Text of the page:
The fact that the old urban middle classes are constantly being swamped by new migrants from the countryside casts a certain doubt on whether – as some analysts have predicted – Pakistan’s rapid urbanization necessarily means an increase in adherence to the Deobandi tradition as opposed to the Barelvi, and with it an increase in support for the Jamaat and other Islamist groups. For this to happen, a sufficient number of former migrants and their descendants would have to be not just urban, but upwardly mobile – anecdotal evidence suggests that the influence of Tablighi Jamaat preachers, for example, is strongly correlated with a rise in the social scale from the proletariat to the lower middle class. The problem is that the lack of sociological research and detailed surveys means that this is indeed only anecdotal evidence.

The Jamaat’s disdain for the mass of the population was very evident when I visited their headquarters in the great Punjabi industrial city of Faisalabad to see if they were benefiting from the workers’ anger at power cuts and unemployment. The Jamaat’s district leader, Rai Mohammed Akram Khan, seemed surprised that I thought appealing to the workers was important, and spoke contemptuously of their lack of education and ‘real Islam’, including their love of illicit liquor:

We don’t want to rally the masses behind us, because they don’t help us. They can launch strikes and demonstrations but they are disorganized, illiterate and can’t follow our ideology or stick with our strategy. We want our party workers to be carefully screened for their education and good Muslim characters, because if we simply become like the PPP and recruit everyone, then the Jamaat is finished ... We don’t care if we can’t take over the government soon as long as we keep our characters clean. Only that will help us one day to lead the people, when they realize that there is no other way of replacing the existing system.17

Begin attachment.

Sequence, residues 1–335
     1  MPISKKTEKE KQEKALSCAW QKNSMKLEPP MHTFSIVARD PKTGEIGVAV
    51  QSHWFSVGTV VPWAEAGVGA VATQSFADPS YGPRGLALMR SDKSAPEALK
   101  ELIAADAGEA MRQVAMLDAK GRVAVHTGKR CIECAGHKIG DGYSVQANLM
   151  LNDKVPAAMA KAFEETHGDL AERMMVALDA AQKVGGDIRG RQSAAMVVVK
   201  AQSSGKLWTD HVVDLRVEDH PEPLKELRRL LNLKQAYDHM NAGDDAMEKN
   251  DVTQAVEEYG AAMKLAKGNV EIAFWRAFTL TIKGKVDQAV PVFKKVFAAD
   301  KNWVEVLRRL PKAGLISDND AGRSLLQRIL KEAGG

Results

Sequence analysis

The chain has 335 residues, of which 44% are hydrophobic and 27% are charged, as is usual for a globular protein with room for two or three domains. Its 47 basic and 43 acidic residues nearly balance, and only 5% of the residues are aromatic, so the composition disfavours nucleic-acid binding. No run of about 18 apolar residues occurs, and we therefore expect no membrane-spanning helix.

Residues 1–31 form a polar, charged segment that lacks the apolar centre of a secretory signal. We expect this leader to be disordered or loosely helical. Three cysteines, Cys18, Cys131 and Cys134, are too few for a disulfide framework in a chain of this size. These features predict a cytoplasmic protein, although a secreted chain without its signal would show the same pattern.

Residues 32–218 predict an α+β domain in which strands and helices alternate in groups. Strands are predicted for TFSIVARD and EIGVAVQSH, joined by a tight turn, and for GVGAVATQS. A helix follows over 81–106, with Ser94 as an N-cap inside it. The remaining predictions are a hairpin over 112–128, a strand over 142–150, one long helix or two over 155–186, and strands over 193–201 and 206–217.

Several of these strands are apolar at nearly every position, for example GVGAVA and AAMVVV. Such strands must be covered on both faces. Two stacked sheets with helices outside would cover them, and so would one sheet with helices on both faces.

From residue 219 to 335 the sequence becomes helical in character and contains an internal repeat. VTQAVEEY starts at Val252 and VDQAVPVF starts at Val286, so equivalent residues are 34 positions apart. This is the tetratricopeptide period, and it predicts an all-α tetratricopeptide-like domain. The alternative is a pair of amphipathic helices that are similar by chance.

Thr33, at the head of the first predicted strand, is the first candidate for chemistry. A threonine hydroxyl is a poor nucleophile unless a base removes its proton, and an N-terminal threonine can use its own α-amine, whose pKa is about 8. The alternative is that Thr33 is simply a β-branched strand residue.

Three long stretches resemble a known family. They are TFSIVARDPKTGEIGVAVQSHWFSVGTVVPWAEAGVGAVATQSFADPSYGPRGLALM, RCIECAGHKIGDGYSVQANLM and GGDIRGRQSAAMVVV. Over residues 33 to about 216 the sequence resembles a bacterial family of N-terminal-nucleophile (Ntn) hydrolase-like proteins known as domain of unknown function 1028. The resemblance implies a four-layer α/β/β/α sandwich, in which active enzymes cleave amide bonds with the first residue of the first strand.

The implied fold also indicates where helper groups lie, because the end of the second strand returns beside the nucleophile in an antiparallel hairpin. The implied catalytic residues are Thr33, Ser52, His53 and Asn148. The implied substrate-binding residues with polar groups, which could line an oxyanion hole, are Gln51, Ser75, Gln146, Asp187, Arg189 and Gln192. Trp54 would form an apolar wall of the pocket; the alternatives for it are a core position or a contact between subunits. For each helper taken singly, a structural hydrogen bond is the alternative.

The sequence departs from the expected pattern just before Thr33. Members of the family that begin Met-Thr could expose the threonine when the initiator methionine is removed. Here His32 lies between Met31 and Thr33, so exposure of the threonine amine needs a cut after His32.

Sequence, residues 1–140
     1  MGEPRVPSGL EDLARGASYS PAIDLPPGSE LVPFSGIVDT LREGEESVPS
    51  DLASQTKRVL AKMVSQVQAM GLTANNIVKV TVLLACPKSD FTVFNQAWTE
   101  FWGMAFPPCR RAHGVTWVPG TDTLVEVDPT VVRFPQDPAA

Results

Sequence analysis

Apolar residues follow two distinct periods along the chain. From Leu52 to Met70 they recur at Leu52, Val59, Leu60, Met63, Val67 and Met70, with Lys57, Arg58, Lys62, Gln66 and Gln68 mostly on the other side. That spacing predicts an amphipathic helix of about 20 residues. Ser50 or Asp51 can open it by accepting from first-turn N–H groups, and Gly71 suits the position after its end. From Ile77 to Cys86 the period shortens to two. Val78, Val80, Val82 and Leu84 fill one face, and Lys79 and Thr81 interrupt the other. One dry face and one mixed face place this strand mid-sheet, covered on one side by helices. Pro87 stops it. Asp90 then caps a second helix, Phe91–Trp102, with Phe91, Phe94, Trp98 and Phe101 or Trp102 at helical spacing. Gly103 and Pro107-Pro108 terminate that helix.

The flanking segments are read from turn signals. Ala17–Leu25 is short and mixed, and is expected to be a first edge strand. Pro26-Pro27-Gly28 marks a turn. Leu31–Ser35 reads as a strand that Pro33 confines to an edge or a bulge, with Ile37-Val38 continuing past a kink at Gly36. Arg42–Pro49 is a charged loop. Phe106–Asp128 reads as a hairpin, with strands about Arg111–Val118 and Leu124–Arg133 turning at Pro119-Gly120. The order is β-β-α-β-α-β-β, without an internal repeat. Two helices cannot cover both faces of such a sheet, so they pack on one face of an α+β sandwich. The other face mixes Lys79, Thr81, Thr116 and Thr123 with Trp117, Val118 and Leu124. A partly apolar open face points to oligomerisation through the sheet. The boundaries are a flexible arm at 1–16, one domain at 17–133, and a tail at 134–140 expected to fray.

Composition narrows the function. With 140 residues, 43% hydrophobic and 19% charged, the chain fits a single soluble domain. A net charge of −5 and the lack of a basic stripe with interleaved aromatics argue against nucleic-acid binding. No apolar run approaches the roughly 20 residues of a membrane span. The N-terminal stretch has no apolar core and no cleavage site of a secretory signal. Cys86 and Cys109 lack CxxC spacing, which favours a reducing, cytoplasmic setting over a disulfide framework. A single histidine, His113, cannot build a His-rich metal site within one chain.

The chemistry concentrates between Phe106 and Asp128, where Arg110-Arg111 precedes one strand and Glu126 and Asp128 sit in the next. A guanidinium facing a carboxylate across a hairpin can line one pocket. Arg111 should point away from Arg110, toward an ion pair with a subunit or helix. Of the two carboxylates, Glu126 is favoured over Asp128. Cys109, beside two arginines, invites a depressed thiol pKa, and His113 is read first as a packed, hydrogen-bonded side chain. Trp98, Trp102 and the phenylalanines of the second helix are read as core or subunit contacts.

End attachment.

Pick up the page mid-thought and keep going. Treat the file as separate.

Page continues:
The Jamaat believes that the Koran and Shariah, properly interpreted and adapted, hold the answer to every social, economic and political question. It differs however from other Islamist movements in its acceptance of the principle of ijtihad, which allows the reinterpretation of lessons of the Koran and hadiths (within certain limits) in accordance with human reason and in answer to contemporary problems. The Jamaat shares its belief in ijtihad with the Shia tradition; and indeed, Jamaat leaders have often spoken to me of their admiration for the Iranian revolution and the system it has created, which they say resembles Maududi’s idea of a ‘theo-democracy’. One of the more positive aspects of the Jamaat’s record has been its strong opposition to anti-Shia militancy in Pakistan.

In contrast to Khomeini’s movement in Iran, however (but recognizing Pakistani realities), Maududi’s and the Jamaat’s approach to Islamist revolution in Pakistan has been gradualist, not revolutionary. They have stood in most elections, and condemned the administration of President Zia (which in other respects they supported) for its lack of democracy. This is despite the fact that Maududi imbued the Jamaat with certain aspects of modern European totalitarianism. He was also quite open about the fact that his idea of the Jamaat’s revolutionary role owed much to the Russian Communist idea of the Bolshevik party as a revolutionary ‘vanguard’, leading apathetic masses to revolution. The Jamaat, and more especially its semi-detached student wing, Islami Jamiat Talaba, have frequently engaged in violent clashes with rivals.